It is not unreasonable to expect that some aspects of Christian morality would be consistent with a sociobiological perspective, since Christians in small and large groups do work for the betterment of the group as a whole, and the argument could be made that the survival of individuals is thus increased. However, if Christianity's claim to be based on revelation from a transcendent God is true, I would be surprised, indeed extremely disappointed and confused, if everything in Christianity's moral standards also made sense from a sociobiological perspective. What little I have seen in the way of an evaluation of Christianity from E.O. Wilson and other sociobiologists is a poor caricature of true Christianity.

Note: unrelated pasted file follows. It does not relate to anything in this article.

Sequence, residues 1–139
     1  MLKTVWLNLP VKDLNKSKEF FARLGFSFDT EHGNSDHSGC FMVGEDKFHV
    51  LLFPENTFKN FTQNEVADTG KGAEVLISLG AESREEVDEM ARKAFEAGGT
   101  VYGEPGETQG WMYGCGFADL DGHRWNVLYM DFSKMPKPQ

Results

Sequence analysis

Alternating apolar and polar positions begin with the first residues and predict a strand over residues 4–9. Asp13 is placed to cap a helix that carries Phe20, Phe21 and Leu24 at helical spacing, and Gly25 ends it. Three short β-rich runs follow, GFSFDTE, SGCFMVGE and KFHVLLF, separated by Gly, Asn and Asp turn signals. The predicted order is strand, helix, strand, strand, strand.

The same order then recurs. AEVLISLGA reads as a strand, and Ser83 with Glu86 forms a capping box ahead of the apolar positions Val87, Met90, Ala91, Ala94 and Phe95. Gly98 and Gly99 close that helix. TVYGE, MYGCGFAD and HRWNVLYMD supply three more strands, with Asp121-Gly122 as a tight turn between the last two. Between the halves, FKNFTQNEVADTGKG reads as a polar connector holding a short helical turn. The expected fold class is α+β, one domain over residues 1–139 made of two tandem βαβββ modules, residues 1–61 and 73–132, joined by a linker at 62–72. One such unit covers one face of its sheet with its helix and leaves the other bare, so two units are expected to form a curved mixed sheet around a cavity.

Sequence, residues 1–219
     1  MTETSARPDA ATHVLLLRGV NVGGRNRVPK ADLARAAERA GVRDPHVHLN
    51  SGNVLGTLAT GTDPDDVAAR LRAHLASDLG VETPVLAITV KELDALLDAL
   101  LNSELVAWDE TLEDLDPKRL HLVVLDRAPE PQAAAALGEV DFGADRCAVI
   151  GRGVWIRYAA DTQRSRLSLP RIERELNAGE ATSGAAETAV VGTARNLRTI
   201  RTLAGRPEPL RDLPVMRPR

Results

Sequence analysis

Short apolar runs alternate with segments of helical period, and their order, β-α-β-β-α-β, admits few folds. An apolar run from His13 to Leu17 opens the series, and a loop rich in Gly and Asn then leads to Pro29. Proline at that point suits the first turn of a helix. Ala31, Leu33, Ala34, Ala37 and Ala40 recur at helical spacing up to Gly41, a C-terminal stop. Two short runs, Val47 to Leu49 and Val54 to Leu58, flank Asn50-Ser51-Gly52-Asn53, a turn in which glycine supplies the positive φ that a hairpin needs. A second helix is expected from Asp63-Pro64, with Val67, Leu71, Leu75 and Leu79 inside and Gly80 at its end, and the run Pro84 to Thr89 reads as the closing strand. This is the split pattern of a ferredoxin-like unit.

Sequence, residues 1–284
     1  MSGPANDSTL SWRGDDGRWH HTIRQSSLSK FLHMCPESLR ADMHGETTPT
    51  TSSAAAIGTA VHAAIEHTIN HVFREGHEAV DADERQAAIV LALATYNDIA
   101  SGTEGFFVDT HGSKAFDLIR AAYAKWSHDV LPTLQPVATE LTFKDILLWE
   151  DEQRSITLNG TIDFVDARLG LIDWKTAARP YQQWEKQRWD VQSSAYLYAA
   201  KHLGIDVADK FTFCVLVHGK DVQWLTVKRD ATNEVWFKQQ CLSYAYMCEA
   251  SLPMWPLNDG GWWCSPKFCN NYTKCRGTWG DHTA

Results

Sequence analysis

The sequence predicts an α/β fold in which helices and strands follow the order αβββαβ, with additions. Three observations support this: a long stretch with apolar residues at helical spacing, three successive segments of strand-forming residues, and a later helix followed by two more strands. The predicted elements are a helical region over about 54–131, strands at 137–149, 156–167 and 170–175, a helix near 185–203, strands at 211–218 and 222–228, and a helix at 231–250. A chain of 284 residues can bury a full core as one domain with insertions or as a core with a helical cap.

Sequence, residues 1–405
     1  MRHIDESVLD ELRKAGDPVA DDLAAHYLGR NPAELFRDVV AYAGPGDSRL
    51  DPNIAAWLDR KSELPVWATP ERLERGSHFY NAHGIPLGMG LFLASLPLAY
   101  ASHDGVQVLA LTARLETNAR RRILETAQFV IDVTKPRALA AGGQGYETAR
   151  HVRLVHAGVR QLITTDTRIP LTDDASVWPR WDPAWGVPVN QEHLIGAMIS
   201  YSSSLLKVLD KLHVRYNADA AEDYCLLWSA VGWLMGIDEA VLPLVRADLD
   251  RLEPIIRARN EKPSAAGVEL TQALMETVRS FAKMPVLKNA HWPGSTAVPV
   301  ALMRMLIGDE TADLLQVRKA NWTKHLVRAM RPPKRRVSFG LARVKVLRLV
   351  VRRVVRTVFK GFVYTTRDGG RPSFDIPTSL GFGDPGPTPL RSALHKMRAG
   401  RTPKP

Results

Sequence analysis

I would like to offer a few suggestions for consideration. William Irons, in a discussion of theories of the evolution of moral systems, comments that nepotism is a very basic prediction of evolutionary theory.(6) Humans should be expected to be less competitive and more helpful towards relatives than towards non- relatives. He cites numerous studies to back up his claim that this prediction, more than any other sociobiological prediction, has been extensively confirmed.
To be sure, the New Testament holds to very high standards concerning the importance of the family. Church leaders are to be judged first by how they conduct and relate themselves to their families (1 Tim. 3:12; Tit 1:6). Yet Jesus makes it quite clear that if there is any conflict between devotion to Him and devotion to our family, the family comes second. He said,